Life is unpredictable. You can’t anticipate every turn of events that could lead to a hospital stay. However, if you’re having elective surgery or treating a non-urgent condition, you may have some flexibility in scheduling your procedure. If at all possible, it’s wise to avoid hospital treatment in the summer months—particularly in July.
Why does the month matter?
Teaching hospitals operate on a fixed rotation. At the start of the summer, the most experienced residents graduate and move on to another assignment. At the same time, a new freshman class of residents arrives. These doctors-in-training will be treating patients for the first time in their careers—at a time when the residents most qualified to train them no longer work there.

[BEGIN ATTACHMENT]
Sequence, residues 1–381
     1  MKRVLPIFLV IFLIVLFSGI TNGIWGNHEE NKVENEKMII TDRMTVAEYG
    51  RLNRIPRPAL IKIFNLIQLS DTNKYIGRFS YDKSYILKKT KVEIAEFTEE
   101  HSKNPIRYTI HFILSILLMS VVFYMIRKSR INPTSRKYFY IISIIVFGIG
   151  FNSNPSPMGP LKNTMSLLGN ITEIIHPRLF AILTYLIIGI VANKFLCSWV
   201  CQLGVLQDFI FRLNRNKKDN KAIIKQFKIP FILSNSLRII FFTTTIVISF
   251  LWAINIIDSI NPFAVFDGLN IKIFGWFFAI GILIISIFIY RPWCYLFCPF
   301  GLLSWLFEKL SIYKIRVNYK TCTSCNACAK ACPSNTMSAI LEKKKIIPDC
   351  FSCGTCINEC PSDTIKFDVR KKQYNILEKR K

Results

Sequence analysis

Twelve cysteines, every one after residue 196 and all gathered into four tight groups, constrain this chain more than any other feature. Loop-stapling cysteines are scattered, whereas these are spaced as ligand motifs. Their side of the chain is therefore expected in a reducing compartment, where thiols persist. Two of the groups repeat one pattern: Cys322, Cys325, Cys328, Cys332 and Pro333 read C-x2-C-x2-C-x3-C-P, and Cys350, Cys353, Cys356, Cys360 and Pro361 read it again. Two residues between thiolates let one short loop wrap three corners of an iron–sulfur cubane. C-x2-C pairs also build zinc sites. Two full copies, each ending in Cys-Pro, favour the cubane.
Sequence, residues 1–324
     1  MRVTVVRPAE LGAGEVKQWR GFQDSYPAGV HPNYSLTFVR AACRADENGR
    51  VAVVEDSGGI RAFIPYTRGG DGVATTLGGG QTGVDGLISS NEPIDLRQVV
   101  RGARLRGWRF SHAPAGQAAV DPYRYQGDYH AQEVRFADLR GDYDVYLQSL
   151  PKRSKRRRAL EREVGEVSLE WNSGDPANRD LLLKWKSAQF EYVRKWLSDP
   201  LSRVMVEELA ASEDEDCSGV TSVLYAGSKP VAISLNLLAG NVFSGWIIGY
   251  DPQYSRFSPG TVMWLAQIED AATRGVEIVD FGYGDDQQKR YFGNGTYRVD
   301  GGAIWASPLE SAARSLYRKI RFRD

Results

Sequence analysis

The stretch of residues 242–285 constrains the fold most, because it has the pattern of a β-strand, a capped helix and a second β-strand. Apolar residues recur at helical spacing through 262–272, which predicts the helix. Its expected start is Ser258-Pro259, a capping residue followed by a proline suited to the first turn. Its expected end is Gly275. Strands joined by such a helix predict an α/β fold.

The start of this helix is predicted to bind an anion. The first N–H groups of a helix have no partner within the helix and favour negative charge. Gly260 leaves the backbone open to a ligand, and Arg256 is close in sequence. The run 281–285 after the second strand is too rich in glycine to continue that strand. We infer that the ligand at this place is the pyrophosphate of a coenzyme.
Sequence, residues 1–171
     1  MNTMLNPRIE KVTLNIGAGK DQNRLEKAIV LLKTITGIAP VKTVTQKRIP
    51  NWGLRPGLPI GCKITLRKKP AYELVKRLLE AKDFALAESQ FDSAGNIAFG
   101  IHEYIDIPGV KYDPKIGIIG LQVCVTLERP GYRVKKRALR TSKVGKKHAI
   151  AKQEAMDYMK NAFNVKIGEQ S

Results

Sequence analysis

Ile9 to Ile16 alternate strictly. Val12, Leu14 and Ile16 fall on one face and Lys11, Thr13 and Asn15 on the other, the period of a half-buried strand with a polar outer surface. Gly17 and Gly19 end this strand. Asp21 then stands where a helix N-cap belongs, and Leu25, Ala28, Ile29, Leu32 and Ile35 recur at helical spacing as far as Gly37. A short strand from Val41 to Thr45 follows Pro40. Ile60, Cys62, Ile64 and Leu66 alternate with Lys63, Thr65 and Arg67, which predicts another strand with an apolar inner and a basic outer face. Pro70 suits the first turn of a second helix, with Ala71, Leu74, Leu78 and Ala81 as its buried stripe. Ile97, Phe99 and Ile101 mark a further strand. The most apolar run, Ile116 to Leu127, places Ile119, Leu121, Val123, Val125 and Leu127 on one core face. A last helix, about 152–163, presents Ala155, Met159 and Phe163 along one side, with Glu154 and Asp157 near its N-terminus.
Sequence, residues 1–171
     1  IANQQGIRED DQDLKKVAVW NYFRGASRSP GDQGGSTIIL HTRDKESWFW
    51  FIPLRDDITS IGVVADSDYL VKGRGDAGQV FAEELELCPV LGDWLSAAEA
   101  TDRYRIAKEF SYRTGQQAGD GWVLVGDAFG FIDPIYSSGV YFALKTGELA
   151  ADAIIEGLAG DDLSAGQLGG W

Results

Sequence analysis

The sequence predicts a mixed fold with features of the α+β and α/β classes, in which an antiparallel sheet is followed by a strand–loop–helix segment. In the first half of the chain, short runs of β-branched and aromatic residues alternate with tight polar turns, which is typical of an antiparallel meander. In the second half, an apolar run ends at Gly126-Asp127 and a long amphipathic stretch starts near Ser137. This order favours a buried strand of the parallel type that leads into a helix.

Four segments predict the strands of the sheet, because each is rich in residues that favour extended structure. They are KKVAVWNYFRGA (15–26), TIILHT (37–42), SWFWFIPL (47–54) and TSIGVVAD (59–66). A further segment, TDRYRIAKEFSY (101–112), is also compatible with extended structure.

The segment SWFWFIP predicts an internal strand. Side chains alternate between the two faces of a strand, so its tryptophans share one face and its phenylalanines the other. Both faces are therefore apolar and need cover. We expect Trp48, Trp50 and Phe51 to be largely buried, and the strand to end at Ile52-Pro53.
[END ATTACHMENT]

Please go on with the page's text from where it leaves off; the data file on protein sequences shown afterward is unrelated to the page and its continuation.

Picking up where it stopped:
The new residents will do much of their learning on the job. As with a new hire at any job, they’re bound to make mistakes. In July, teaching hospitals see:
- A spike in complications during surgery
- An increased number of prescription errors
- Extended hospital stays
- More drawn-out procedures
- 8 – 34 percent more patient deaths
If you hired a summer intern to assist with your bookkeeping, you probably wouldn’t hand over the company’s complete financial records during their first week on the job. You’d start them out with basic administrative tasks. You’d wait until they gained greater knowledge of the inner workings of the organization before entrusting them with greater responsibilities.
The same rule holds true in teaching hospitals. The timing of your hospital stay can affect your likelihood of a smooth experience. If you have an open timeframe in which to have your medical procedure, it could pay to schedule it in a colder month.